The prep work has been done, the grass cut and the new season is now underway for the Barclay’s Premier League and like most opening day matches, we saw nerves, cramps, disjointed play and moments of brilliance. All the big teams over the course of the two day kick off, looked well off their well oiled best. Manchester United and Liverpool F.C. struggled to a marginal and mediocre victory while the champions Chelsea saw their Goalkeeper Thibaut Courtois become the first player to be sent off for the new season. But so far no result has been more shocking that Arsenal’s loss to West Ham United at home. After being touted as potential champions for the new campaign, especially with the acquisition of experienced top class goal keeper in Petr Cech, does everything change for this supposedly new look Arsenal?
The first thing that must be understood is that what was seen on the opening day, was almost typical of this Arsenal team that has been together for the better part of three years. In the 2013-2014 season they somehow managed to dominate a game against Aston Villa but end up on the losing side due to sloppy mistakes at the back. Last season we saw them endure a horrible first half of the season this time around, managing to somehow foster this new hope of a stronger team from the latter stages of the season, coming into the one. On the 9th of August we saw Arsenal’s summer signing, the one that should have made all the difference, somehow bottle it, right at the beginning. It almost made a fitting beginning of a too familiar story for Arsenal fans, as they rage and remonstrate at their team and manager. While rage is understandable, it is almost always coupled with overreactions which will see critics completely rubbish any title chances The Gunners had to excluding them from the top four all together. What must be remembered is that Arsenal, unfortunately have read the script to this story many times before, so we should all understand what the ending will be like, which won’t be to liking of many.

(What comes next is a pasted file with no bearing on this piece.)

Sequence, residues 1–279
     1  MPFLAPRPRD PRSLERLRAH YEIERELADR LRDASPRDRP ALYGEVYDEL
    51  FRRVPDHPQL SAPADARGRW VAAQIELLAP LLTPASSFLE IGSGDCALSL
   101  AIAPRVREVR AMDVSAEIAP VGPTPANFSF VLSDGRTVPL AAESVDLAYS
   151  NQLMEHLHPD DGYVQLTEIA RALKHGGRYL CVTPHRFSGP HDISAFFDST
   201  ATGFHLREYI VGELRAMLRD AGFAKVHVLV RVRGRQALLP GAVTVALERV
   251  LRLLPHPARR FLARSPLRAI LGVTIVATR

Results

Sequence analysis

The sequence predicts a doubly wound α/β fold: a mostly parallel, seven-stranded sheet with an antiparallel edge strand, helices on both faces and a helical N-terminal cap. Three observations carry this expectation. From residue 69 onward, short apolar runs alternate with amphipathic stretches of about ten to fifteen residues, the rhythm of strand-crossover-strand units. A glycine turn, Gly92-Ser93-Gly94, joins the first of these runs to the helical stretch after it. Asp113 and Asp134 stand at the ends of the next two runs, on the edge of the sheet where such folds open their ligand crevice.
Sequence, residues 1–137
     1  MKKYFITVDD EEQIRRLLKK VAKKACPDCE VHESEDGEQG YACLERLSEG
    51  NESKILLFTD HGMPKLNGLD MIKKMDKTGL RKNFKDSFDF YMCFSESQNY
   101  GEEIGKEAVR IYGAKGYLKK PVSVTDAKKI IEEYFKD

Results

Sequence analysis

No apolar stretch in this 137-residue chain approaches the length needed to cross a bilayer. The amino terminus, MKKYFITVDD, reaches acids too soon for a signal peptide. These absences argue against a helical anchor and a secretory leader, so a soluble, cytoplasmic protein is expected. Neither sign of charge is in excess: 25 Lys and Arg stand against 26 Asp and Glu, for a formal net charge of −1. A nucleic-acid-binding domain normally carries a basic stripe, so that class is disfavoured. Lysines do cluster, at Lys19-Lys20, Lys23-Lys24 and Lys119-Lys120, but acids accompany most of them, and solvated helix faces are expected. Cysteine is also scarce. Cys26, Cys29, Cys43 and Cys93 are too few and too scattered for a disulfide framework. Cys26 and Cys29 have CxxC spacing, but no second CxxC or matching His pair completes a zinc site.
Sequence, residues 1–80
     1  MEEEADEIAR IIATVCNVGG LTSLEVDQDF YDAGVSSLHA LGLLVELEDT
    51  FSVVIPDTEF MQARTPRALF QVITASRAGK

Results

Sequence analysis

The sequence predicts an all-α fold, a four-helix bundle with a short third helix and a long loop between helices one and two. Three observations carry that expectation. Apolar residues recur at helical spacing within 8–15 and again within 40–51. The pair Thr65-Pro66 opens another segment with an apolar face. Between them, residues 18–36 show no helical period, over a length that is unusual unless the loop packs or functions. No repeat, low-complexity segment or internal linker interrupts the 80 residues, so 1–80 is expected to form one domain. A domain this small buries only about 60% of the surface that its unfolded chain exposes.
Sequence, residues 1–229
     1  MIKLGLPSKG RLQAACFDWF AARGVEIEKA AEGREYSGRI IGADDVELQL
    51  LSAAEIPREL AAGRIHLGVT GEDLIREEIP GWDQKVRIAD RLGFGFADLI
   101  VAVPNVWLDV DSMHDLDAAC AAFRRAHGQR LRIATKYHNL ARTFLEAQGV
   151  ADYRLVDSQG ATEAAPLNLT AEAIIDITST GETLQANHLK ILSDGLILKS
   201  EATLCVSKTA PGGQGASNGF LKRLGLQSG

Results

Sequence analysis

Despite the groans from fans and pundits alike, Arsenal have looked good, fit and dominant so far this season, at least as it relates to their ability to move and hold the ball, which is to be expected. The first few defensive blunders have had questions raised over the defensive stability over a partnership that has been one of the best in the league and the keeper some hailed as the turning point and the signing of the season. In the Crystal Palace game we saw the best of Arsenal in the first twenty minutes; they had fast, flowing and threatening ball movement and possession, and even had a goal to show for it. Yet predictably Arsenal contrived to somehow let Palace into the game. Against Liverpool, Arsenal held and moved the ball well yet due to defensive naivety, allowed Liverpool to consistently threaten their goal, with Petr Cech proving his worth essentially rescuing a point for The Gunners. The question that now remains is, how do Arsenal proceed?